New additions to our Library

Thanks to one of our members, Alistair Bond, we now have an additional 20 books. These are on all topics Dorset, and a starting point for research.

They will be available for members to borrow and are listed on the Members Section of this website.

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Vestry Minute Book

One of our amazing transcribers, Shirley Chick, has just completed the Milton Abbas Vestry Minute Book 1863 – 1924. The original book is in our possession.

The resulting 65 page document is now available for our members to research. The book is name rich, and contains over 50 occurrences each of the names TETT, HAMBRO, FOOKES, SPILLER, GEORGE, COX, ROBERTS, PLAYER, LOVELL and incidences of many other names then living in Milton Abbas.

Here is part of the first page 1863

The Hambro Arms is still our village pub, although I don’t believe it holds Vestry Meetings anymore!

If you want to know more about this document, please contact us.

We have thousands, yes thousands, of other documents concerning the history of Milton Abbas. Many have already been transcribed but there are still plenty to do. If you would like to help then contact us. We have high resolution images of our documents which can be shared online.

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Meetings

Our new season of meetings starts on Wednesday 6 Oct in the Reading Rooms, Milton Abbas. For our more distant members, we will also be using ZOOM.

We have had several trial runs and spent many hours researching how best to run a ‘hybrid’ meeting. We are in the process of buying more equipment such as speakers, webcam and microphone, with the additional cost of a ZOOM subscription. Hopefully it will all work on the night!

However, all this takes time to set up and relies on one or two members to sort it all out. Our meetings WILL START AT 19:30 GMT+1. We also need some members to arrive early and set out the chairs and tables and put them away at the end of the meeting.

We ask all our members to please bear with us. We will be audio recording and video recording and the reports and presentations will be available later on the Member’s Section of our website.

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Walking in History’s Footsteps

Our members, Clive Barnes and Sheila and Peter Arnold have been walking the old roads and tracks of Milton Abbas and compared maps of the 18th century when Joseph Damer, Lord Milton moved the roads to build his landscape.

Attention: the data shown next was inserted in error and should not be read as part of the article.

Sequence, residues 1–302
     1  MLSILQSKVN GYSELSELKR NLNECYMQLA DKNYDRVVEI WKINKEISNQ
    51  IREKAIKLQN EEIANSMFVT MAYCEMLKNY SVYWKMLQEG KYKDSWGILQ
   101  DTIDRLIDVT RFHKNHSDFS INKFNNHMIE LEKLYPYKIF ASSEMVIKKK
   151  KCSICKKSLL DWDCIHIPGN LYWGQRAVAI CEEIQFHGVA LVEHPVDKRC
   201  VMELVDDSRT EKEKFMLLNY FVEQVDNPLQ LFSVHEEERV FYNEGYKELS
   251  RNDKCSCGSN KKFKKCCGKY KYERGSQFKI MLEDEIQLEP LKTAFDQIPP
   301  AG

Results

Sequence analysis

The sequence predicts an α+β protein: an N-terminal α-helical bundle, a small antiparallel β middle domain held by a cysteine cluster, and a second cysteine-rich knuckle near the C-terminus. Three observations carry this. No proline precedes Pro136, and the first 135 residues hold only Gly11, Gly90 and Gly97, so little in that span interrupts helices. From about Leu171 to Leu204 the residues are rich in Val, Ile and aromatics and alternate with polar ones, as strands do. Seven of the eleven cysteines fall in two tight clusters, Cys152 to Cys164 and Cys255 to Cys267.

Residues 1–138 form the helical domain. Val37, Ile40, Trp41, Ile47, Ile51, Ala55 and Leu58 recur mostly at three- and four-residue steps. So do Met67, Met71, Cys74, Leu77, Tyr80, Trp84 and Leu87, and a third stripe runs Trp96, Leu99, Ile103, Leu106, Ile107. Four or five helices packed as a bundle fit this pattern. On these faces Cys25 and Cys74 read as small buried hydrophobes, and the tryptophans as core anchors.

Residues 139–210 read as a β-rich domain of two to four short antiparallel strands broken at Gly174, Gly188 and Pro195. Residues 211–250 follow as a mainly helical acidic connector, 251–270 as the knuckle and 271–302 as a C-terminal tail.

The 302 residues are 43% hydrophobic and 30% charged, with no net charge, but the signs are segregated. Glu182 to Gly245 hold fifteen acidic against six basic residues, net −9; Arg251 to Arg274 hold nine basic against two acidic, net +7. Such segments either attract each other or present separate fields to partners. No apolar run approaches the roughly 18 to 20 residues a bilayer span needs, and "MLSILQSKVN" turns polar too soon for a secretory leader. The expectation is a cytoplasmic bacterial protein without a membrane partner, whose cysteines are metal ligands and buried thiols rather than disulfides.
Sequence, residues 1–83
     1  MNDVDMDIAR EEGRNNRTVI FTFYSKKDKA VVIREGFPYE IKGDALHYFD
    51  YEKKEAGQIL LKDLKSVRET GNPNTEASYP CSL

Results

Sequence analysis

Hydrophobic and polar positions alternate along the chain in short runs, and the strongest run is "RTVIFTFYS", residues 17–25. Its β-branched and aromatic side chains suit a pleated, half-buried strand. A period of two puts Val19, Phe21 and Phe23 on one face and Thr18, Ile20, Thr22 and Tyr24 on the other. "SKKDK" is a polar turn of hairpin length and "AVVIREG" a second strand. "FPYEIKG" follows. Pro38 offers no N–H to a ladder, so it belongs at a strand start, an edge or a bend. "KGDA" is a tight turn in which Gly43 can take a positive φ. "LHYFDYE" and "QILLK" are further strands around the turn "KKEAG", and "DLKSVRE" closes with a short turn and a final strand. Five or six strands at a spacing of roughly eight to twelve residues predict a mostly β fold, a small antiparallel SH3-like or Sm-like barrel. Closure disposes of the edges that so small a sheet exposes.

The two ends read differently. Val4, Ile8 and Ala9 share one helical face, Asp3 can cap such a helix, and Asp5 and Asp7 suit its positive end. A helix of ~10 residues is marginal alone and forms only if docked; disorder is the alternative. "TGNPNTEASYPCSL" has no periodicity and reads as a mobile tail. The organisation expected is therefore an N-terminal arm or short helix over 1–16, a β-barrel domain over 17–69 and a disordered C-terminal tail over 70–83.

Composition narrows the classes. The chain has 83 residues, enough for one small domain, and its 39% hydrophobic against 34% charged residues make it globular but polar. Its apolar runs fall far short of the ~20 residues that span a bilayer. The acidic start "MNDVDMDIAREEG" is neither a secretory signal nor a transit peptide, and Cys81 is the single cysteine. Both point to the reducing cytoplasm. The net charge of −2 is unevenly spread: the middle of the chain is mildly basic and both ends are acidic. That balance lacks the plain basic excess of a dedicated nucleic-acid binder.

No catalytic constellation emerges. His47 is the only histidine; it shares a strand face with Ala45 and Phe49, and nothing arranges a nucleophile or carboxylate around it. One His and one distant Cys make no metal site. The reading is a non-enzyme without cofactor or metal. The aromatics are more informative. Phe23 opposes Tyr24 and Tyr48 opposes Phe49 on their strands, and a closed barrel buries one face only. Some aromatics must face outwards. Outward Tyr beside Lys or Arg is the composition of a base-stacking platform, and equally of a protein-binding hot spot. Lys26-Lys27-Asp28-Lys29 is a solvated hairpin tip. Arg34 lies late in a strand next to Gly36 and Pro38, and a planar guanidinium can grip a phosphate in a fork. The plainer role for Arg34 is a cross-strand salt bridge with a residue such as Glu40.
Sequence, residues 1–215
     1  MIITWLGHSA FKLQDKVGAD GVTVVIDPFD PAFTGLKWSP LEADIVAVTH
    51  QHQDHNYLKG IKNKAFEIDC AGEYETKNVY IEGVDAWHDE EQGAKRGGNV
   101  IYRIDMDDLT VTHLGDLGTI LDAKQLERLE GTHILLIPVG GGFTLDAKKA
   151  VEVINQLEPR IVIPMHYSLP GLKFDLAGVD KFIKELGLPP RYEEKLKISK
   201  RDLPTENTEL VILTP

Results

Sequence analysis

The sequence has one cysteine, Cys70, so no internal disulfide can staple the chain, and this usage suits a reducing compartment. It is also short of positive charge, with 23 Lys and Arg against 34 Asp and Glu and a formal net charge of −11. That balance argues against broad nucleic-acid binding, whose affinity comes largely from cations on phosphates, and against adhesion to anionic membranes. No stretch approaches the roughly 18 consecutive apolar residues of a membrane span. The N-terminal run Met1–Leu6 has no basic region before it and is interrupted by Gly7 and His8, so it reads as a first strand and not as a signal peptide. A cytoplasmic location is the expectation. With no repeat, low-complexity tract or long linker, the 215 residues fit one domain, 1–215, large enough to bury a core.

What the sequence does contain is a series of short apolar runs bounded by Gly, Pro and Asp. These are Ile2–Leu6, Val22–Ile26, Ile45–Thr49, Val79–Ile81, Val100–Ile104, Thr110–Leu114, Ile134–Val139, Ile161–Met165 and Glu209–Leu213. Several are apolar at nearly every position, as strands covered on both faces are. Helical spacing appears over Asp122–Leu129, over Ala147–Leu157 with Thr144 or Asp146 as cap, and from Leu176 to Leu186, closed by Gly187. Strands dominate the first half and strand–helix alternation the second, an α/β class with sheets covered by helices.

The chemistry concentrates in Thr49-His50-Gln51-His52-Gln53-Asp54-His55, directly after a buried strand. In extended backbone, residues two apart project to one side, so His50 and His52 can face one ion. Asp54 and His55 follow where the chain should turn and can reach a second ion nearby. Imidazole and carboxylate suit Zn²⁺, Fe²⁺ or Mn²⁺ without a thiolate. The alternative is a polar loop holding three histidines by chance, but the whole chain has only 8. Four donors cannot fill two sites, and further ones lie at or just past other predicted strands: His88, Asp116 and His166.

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John HAM – the Millionaire of Milton Abbas


John Ham was baptised on 21 May 1760, the youngest son of James Hobell and Charity Ham (neé Gould, later Hallett).

His parents were married in 1747. They had a daughter, Elizabeth, born in 1749 but she only lived for a few days so John may not even have known about her. His older brother James was baptised in 1751 and his sister Molly in 1754, followed by Ann in 1758. Sadly their father, James Hobell Ham died in 1765 when John was just five years old. His mother remarried the same year to John Hallett.

John and Eleanor are both shown on the 1841 Census aged 80, so being born around 1760. The census states he is a farmer but in his will written in 1844 he describes himself as a Gentleman.

John Ham died a very wealthy man, in fact he would be described as a millionaire today.
According to his will, written in 1844, he distributed just over £11,886 in cash, along with numerous properties he owned. This is quite extraordinary in a village of almost all agricultural labourers in tied cottages.

The will states that he has £20,000 in stocks and shares; this is the equivalent today of:
£1,208,340

But where did his wealth come from? There is no doubt that some of it was inherited, but according to the Rev. Herbert Pentin writing in the Parish Magazine in May 1904:

Lord Milton founded John Ham’s fortune by employing him to glaze the whole of the Abbey House, and also the Abbey Church at its restoration in 1789. When Lord Milton commissioned Ham for the work he said significantly:- “Now, John, if you don’t make a fortune by these jobs you’re a fool.” And it is generally supposed that John Ham profited by the hint.”

© Pamela Phillips 2021

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Changing views of ‘Justice’

Our Old Town Project group have been busy researching our rural Dorset village over the past few years. We have found out the things that you won’t find in the history books – forget mad King George and his profligate and dissolute son, find out how the vast majority of people lived and worked and struggled for justice. Why were six MIlton Abbas men sentenced to two months hard labour by the notorious James Frampton, 30 years before he sentenced the Tolpuddle Martyrs? What had they done, and how did they break the law? This is such an important part of our nation’s culture and heritage that the story of the Milton Abbas Martyrs should be more widely known and appreciated.

Come and find out more at our major new exhibition 28 – 30 August in the Reading Rooms and St James Church Milton Abbas.

We can’t wait to share our research with you!

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More News!